He doesn't agree with Quebec's controversial secularism bill but Liberal Leader Justin Trudeau says he will sit this one out -- for now.

Trudeau is spending today and much of tomorrow travelling through the seat-rich province of Quebec, focusing on ridings previously held by the NDP that the Liberals think they can turn red.

But while trying to woo voters in Trois-Rivieres, Longueuil and Montreal, Trudeau is also carefully trying to avoid getting pulled into delicate provincial matters that could whittle away at his political ambitions in Quebec.

He told reporters today he opposes Bill 21, which bans some public servants from wearing conspicuous symbols of religion, but he will not get involved in a legal challenge that has been launched against the legislation.

"I think Quebec voters know full well that I will always defend individual rights and freedoms and indeed that I disagree with Bill 21. I don't think, in a free society, we should be limiting fundamental rights or allowing discrimination to happen," he said during a media event in Trois-Rivieres this morning.

"We are weighing whether to intervene. At this point we do not think it would be productive."

Bill 21, which came into effect in June, prohibits public servants in positions of authority such as judges, police officers and teachers, from wearing any religious symbols, including turbans, kippahs and hijabs.

The Coalition Avenir Quebec (CAQ) government invoked the notwithstanding clause of the Constitution when passing the bill to block any possible Charter challenges, but a legal case has nonetheless been mounted by the National Council of Canadian Muslims and the Canadian Civil Liberties Association to strike down the law.

Quebec Premier Francois Legault issued a stern warning to all federal political party leaders to keep the law off the federal agenda during the election campaign -- urging them to promise not to challenge it in court, noting strong support among Quebecers for the secularism law.

Earlier this week, Trudeau said he believes it would be counterproductive for the federal government to get involved in this court challenge.

"I'm not going to close the door on intervening at a later date because I think it would be irresponsible for a federal government to close the door to intervention ever on a matter that does touch fundamental freedoms."

But for now, he says, the process is unfolding the way it should: as a provincial matter.

"This is a discussion happening among Quebecers right now and their provincial government," he said.

"The Charter of Rights and Freedoms exists so that citizens can challenge laws that they disagree with, that they feel are an unnecessary limitation on their fundamental rights and freedoms. That's why we have a charter and it's being used right now and it's being used by citizens in Quebec to contest, before the courts, this law that they feel is unfair and limiting their own rights and freedoms."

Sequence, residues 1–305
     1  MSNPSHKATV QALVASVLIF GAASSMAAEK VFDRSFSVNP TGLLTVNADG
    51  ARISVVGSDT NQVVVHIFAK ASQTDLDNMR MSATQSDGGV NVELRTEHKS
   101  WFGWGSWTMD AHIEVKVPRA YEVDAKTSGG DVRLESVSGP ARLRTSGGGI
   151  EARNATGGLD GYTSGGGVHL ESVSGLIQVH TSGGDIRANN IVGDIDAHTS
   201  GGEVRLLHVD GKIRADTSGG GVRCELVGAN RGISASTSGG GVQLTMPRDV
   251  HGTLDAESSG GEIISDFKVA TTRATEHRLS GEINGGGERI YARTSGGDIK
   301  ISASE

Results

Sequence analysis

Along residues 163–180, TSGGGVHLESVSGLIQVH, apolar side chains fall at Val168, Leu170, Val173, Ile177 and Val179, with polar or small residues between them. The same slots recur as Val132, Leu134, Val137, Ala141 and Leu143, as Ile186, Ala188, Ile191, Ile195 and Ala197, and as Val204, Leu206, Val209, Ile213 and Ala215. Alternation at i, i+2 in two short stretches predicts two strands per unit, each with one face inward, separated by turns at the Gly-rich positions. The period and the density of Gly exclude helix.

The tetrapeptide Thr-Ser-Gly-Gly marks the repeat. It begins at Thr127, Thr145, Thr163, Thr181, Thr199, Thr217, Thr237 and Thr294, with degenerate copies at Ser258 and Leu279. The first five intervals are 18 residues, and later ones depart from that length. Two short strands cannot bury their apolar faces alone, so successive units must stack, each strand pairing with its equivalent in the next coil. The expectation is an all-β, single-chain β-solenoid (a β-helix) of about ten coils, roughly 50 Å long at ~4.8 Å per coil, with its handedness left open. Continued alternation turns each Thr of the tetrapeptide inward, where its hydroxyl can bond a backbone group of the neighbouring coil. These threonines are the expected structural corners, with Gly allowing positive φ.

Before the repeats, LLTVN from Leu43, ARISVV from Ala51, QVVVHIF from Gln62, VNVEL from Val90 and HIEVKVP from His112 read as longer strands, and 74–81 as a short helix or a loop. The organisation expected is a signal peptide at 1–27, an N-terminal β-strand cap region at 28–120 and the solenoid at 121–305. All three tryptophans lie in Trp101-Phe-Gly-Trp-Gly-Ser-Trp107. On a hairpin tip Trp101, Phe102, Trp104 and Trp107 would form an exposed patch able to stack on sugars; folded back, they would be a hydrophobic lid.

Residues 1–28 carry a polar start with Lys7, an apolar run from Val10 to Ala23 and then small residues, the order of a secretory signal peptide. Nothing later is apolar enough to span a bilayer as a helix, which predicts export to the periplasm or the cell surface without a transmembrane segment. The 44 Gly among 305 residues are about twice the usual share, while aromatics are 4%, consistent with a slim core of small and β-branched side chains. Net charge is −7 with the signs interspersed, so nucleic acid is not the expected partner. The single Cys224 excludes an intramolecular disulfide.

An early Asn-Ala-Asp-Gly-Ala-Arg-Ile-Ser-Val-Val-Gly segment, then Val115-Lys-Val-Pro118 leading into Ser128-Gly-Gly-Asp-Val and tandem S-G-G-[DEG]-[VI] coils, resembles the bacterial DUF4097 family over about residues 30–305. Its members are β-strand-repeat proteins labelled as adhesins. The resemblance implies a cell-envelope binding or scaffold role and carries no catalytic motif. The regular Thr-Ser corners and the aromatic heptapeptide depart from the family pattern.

Meanwhile, the Liberal leader hopes his platform pledges and his time and attention to Quebecers in the province today and tomorrow will convince progressive voters to abandon the NDP and instead vote Liberal.

In the morning, he unveiled a package of pledges that he said will boost small and medium-sized businesses.

For one, Trudeau announced that a re-elected Liberal government would eliminate the so-called "swipe fee" on sales taxes that merchants must pay to credit-card companies on every transaction.

Business groups have been calling on governments to ban the charge and, according to an estimate by the Canadian Federation of Independent Business, the move could save merchants nearly $500 million per year.

"Our owners of small and medium-sized businesses continue to be a powerful motor of growth for our communities," Trudeau said in French in Trois-Rivieres.

He credited smaller businesses with helping drive Canada's strong run of job creation in recent years.

If re-elected next month, Trudeau said, the Liberals will also reduce the cost of federal incorporation, remove all fees for business advisory services from agencies like the Business Development Bank of Canada, and create a voluntary payroll system to automate records for small businesses.

A Liberal government would also launch a pilot project that would provide as much as $50,000 for up to 2,000 entrepreneurs to help them start businesses and give $250 to every new business to help them develop websites or e-commerce platforms.

The Liberals estimate the combined measures would cost the federal treasury $129 million next year, a number that would rise to $163 million in 2023-24.

Dan Kelly, CEO of the Canadian Federation of Independent Business, says he welcomes the pledges -- especially the promise to eliminate the credit-card fees on sales taxes.

"The Liberals are the first out with promises to small business and it's a fairly significant one," Kelly said in an interview.

"Credit-card processing fees, for the last decade, have been a huge tailwind for small and medium-sized firms in Canada."

He added that, overall, smaller merchants used to pay among the highest credit-card fees in the world. The fees have started to come down a little bit in recent years.

In 2014, when the Harper Conservatives were in office, Visa and MasterCard voluntarily agreed to reduce their average effective fees to 1.5 per cent over five years, beginning in April 2015.

The Liberals announced last year that starting in 2020 the credit-card companies will trim their fees again to an average annual effective rate of 1.4 per cent.